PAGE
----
Do we need to redefine backpacking weight categories? Most lightweight backpackers are aware of the concepts of base weight and backpacking weight categories, but are the categories getting out of date?
For those not familiar with the concepts, I briefly review them here; for those already familiar, jump to the next section. Are you a beginner? Learn how to start lightweight backpacking.
Base Weight Definition
Base Weight is the total weight of your entire gear kit, excluding consumables which are food, water, and fuel. Consumables are not included because the amount varies by trip length and conditions.
- A lightweight backpacker (LW) carries a base weight under 20 pounds.
- An ultralight backpacker (UL) carries a base weight under 10 pounds.
- A superultralight backpacker (SUL) carries a base weight under 5 pounds.
For comparison purposes, if we use 10 pounds as the weight of consumables for a 5-day backpacking trip, then the total weights are 30, 20, and 15 pounds respectively. Those numbers assume your base weight is at the top of the category, which is probably isn’t.
Conventional backpackers simply go by total pack weight, which is typically 35 pounds or more.
Making Pack Weight
Fifteen years ago – when lightweight gear was scarce, silnylon was revolutionary, and we often had to make our own gear – it was challenging to “make weight”, i.e. get our base weight under the limits listed above. Fast-forward to the present. We now have a myriad of lightweight and durable materials, and there are nearly 100 companies, large and small, making lightweight and ultralight gear. We have lots of choices in every gear category, and it’s easy to make weight.
When I prepare for a presentation on lightweight backpacking, I load one pack with lightweight gear and one with ultralight gear so people can see what’s in a sub-20-pound base weight and a sub-10-pound base weight. For the pack full of lightweight gear, I try to be luxurious by throwing in a double-wall tent, 15F sleeping bag, a full-length inflatable sleeping pad, Jetboil stove, headlamp, etc, and guess what – the whole kit and caboodle weighs only 13.5 pounds! When I do the same for the ultralight load, it comes in around 8 pounds. However, the SUL kit is always hard to make weight; a 5-pound limit is very restrictive. I have previously proposed a Mountain SuperUltraLight (M-SUL) category with an easier to achieve base weight of 6 pounds, which also provides adequate protection, warmth, and comfort for the conditions.
The Lightweight Backpacking Conundrum
Frankly, given the availability of lightweight gear, I find it hard to understand why there are so many conventional backpackers on the trails. Is it because they don’t get the information, because they don’t understand it, because it takes too much effort, or because they are just not into it? Or all of the above?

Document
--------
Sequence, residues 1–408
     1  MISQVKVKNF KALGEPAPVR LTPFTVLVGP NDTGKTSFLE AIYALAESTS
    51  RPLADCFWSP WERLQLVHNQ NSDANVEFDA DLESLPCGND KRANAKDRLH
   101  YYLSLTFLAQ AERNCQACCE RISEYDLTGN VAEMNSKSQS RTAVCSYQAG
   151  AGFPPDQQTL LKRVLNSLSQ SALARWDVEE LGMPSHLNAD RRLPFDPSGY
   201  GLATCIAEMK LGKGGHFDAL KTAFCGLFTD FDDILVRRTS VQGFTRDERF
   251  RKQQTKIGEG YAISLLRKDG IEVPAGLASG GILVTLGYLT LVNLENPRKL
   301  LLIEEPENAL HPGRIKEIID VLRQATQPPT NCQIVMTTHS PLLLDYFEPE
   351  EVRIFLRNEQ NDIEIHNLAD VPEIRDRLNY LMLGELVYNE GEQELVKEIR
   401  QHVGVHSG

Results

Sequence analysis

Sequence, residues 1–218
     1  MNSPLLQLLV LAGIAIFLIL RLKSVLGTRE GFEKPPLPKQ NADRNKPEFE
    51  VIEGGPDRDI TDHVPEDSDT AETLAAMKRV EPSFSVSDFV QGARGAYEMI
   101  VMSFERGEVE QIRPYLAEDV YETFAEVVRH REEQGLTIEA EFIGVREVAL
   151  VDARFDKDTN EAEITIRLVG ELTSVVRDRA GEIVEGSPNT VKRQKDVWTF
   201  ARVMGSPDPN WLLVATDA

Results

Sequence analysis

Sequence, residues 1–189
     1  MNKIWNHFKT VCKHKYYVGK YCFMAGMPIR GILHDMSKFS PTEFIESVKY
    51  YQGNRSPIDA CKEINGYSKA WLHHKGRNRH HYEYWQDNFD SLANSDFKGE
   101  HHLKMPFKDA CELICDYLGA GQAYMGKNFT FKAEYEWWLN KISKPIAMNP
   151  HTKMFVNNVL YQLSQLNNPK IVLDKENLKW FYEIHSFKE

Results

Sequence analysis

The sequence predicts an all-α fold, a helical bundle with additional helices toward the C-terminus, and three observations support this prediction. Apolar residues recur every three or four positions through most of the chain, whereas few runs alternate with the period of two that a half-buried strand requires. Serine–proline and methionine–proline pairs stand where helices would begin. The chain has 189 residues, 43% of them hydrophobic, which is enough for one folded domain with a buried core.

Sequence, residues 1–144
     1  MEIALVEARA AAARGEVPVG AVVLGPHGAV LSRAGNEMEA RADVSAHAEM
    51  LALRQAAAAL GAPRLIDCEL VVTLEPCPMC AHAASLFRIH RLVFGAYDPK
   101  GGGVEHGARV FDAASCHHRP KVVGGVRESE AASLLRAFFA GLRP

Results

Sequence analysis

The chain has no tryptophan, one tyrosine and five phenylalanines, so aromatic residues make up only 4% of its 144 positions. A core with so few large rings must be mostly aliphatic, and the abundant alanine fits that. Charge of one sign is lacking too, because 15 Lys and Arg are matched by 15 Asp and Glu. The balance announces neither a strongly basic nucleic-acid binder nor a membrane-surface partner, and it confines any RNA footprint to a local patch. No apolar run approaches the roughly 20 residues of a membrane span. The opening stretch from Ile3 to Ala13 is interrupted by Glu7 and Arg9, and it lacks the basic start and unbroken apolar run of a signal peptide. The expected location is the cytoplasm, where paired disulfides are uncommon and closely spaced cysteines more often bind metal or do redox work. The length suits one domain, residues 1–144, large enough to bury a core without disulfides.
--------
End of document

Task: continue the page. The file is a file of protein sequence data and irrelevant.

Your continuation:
One thing is very noticeable: when I walk into an outdoor store, or REI, I don’t see very much lightweight gear. When I ask about it, they say it doesn’t sell. It is true that buyers prefer familiar brands, so that’s what retailers stock their in their stores, because that’s what sells. There’s a catch-22 here: retailers don’t stock LW gear because it doesn’t sell, and it doesn’t sell because they don’t stock it!
What this means for a backpacker who wants to lighten up is she needs to deliberately find the information she needs, select the gear she wants, and locate where to buy it. That takes some time and effort, and I believe that’s where the conundrum lies – many people don’t want to invest the required time and effort. And it goes further than that because there are barriers to overcome as well (fear of getting wet or cold, or being uncomfortable), which largely require knowledge and experience.
Do We Need to Adjust the Categories?
From a purist point of view, lowering the weight limits sounds like a reasonable idea given the abundance of high quality lightweight gear. However, from an evangelical point of view, there’s nothing to be gained from lowering the base weights and excluding some people.
One thing I have observed over the years is that there are a lot more potential lightweight backpackers out there than potential ultralight backpackers. For example, when my wife and I give our lightweight backpacking presentations, we find that most of our audience (80-90%) is interested in lightweight backpacking and only a minority is interested in ultralight. On the trails we see 95% conventional backpackers. So, do a few conventional backpackers evolve into lightweight backpackers, and a few of them further evolve into ultralight backpackers?
What is really needed is to reach more people and get them on board. We have been preaching for 15 years and we are still a small denomination. How do we reach out and enlighten more backpackers?
It would be helpful to have a philosophical discussion on this subject. If lightweight and ultralight backpacking is so easy to achieve and has so many advantages, why aren’t more people doing it? Your thoughts are most welcome.
This post was contributed by Trail Ambassador Will Rietveld.